Goodness, Grace, and Gratitude

by

by Bill Carroll

 

One of the many things I love about St. Francis of Assisi is his consistent emphasis on the goodness of God. Take, for example, this prayer from his “Office of the Passion.”

Almighty, most holy, most high and supreme God,
All good, supreme good, totally good, You who alone are good:
May we give back to You all praise, all glory, all grace, all honor,
all blessing, and all good.  

So be it. So be it. Amen.

[For this translation, see Laurent Gallant, OFM, and André Cirino, OFM, The Office of the Passion of St. Francis of Assisi:  The Geste of the Great King.  2nd Edition.   (Phoenix, AZ:  Tau Publishing, ), pp. 40-41.]

I also admire the implicit twofold movement, made explicit in subsequent Franciscan tradition and with clear antecedents elsewhere (Pseudo-Dionysius, Richard of St. Victor), between the self-sharing of the good God, and our response of “giving back” all God’s good gifts. The gifts of God are best received by giving them away! One of my professors, B. A. Gerrish, once wrote a book on John Calvin’s Eucharistic Theology entitled Grace and Gratitude.

We see a similar theology in one of the things many Episcopalians still say at the Offertory: “All things come of thee, O Lord. And of thine own have we given thee.” We also see it in some of the great hymns of the faith, “Thou didst give thyself for me, now I give myself to thee” (Hymn #313, Let thy Blood in mercy poured).

But it’s in the Eucharist itself that we see this logic play out most profoundly. We kneel (or, in some congregations, stand) and we open our hands and mouths to receive a priceless gift, which is the Body and Blood of Jesus Christ, given for our salvation. By the work of the Spirit in the gathered Eucharistic assembly, the bread and the wine become the means by which Jesus gives himself to us in love, renewing us in our union with him. Like Jesus himself, whose Real Presence it is, the Blessed Sacrament is a gift we could not possibly earn or deserve. But God gives it to us freely, because God is good, and God loves us.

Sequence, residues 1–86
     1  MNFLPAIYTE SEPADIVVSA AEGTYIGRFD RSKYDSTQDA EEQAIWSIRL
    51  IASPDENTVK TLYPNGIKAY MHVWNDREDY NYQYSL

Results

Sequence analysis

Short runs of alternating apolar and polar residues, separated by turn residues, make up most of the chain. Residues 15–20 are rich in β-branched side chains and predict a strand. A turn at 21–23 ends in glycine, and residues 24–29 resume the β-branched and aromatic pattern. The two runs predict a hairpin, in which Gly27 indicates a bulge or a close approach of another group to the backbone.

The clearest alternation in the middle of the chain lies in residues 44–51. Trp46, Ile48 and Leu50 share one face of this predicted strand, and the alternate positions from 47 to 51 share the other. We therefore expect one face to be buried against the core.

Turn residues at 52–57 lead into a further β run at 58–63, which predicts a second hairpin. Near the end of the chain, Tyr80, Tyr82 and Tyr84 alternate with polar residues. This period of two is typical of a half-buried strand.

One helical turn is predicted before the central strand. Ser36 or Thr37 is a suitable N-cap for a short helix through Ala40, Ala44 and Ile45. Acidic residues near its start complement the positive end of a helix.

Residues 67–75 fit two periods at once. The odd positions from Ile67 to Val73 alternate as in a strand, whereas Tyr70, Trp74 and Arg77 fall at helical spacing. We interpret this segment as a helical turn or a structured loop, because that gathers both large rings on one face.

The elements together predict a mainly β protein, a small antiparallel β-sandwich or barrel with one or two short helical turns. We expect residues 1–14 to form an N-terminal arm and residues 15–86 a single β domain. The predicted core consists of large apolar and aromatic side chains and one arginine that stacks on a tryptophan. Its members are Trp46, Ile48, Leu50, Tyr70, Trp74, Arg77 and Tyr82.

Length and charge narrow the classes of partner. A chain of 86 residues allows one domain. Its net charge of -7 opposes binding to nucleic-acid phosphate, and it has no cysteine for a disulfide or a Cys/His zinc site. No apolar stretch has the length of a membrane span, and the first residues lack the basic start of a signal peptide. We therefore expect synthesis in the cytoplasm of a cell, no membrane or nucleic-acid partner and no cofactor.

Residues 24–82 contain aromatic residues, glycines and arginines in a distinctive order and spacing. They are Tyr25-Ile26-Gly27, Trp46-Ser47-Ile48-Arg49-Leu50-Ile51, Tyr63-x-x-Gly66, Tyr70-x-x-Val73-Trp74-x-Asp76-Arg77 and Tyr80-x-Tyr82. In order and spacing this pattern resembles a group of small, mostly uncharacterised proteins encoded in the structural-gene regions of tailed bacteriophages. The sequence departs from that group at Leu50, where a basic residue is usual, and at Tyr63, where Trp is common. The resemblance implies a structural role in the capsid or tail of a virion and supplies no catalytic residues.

Although there is no price that we could pay—nothing that we could do to earn or deserve this gift—God does ask for a response from us. What God wants is gratitude. God wants us to say “thank you” (Remember, “Eucharist” means “thanksgiving”). And in God’s kingdom, the way we say thank you is by sharing the gifts we’ve been given with ALL others, especially those who lack their daily bread or are otherwise in need. At the conclusion of the Eucharist, when the Body of Christ has been gathered and reconstituted, a deacon (or if there’s no deacon, a bishop or priest) sends us out to do just that.

God’s goodness (all goodness has its source in the all good God) wants to be spread around.    God made the world and everyone in it, in order to give God’s love freely and fully away. And even when sinned and wandered far from God, God continued to seek us out. God sent sages, saints, and prophets, to show us God’s love and call us back to each other and back to God. And in these last days, God sent us Jesus, God’s own Son, to live and die as one of us, to reconcile us (once and for all) with God, each other, and the earth.